Samskip, a prominent green shipping organization, has initiated a new project aimed at reducing CO2 emissions from its vessels. The Carbon Capture and Utilization system developed by Samskip captures 30% of the CO2 emissions produced by combustion engines in real time. Then, the system stores the emissions in portable batteries, thus offering an environmentally sustainable solution for the shipping industry.
The portable batteries can be delivered to clients, such as agricultural businesses and greenhouses, which require CO2 to promote growth in their products. By providing these clients with captured CO2, the need for gas-powered machinery can be eliminated, resulting in a reduction in natural gas usage.
Samskip’s Achievements in Green Logistics and Sustainability
Earlier this year, EcoVadis awarded Samskip a Gold Medal based on its performance in Environment, Labor & Human Rights, Ethics, and Sustainable Procurement. Further, the company ranks among the top 2% of its industry peers in all these areas and continues to seek innovative ways to pioneer sustainable solutions and services.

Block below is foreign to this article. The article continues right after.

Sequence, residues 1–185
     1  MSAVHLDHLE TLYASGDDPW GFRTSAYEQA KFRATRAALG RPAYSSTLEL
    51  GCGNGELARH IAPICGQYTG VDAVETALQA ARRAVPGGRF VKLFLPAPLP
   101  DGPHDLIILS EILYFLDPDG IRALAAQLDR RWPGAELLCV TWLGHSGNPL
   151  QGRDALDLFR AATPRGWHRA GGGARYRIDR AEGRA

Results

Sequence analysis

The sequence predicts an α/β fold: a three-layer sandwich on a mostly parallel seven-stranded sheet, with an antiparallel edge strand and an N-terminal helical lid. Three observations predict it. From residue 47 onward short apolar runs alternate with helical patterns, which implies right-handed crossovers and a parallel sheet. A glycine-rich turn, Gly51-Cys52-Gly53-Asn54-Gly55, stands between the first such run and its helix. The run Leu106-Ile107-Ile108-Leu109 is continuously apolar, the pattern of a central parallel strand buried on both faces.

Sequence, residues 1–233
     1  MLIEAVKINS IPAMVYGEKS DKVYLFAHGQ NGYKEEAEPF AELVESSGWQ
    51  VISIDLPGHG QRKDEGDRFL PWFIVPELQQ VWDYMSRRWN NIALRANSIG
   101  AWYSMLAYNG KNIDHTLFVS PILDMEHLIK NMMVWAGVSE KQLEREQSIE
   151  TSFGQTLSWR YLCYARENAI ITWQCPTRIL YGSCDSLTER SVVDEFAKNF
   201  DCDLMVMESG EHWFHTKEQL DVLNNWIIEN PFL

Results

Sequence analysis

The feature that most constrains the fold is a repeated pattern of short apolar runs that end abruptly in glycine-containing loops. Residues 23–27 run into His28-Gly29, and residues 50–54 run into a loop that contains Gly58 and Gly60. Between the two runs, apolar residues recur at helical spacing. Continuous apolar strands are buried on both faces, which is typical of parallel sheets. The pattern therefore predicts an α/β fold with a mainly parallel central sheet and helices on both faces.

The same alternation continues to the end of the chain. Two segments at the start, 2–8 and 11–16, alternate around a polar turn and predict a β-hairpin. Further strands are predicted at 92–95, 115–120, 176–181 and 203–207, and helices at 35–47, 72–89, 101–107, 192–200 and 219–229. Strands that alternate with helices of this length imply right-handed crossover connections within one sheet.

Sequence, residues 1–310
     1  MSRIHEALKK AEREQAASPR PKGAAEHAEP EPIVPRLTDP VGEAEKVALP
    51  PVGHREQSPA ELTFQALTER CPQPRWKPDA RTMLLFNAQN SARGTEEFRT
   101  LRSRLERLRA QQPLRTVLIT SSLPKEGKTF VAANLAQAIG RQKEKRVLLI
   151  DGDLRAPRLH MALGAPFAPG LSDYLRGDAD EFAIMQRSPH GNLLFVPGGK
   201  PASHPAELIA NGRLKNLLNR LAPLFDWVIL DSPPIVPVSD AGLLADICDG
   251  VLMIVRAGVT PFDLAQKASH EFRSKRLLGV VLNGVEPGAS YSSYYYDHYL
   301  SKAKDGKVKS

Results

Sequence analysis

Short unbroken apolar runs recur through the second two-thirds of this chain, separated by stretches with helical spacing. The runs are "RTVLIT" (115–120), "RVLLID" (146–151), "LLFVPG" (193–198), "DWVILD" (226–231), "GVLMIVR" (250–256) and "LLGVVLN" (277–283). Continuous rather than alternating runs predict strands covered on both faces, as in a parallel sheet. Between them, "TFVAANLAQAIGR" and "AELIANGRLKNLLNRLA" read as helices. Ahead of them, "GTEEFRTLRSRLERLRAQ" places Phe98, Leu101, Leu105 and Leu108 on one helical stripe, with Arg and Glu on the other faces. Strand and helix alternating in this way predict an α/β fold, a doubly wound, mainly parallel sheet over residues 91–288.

In addition to the Carbon Capture and Utilization system, Samskip has also installed its first CO2 exhaust gas cleaning system on one of its shortsea vessels, demonstrating its commitment to sustainable solutions. This installation was carried out while the vessel was docked at the shipyard Royal Niestern Sander.
Requirements from the International Maritime Organization
The International Maritime Organization (IMO) requires ship owners to report Carbon Intensity Scores annually, with ships receiving grades based on their results. The IMO developed the Carbon Intensity Indicator (CII) rating system, which ranges from A (best) to E (worst). All cargo, RoPax, and cruise vessels with more than 5,000 gross tonnage trading internationally are subject to these regulations. Ships that receive a D score for three consecutive years or an E score once are prohibited from trading until a corrective plan is in place.
According to a report from Clarkson Research, nearly 12% of container vessels could score in the E range. The shipping industry is responsible for approximately 940 million metric tons of carbon emissions per year, which accounts for around 2.5% of the world’s total emissions, as reported by UK Research and Innovation.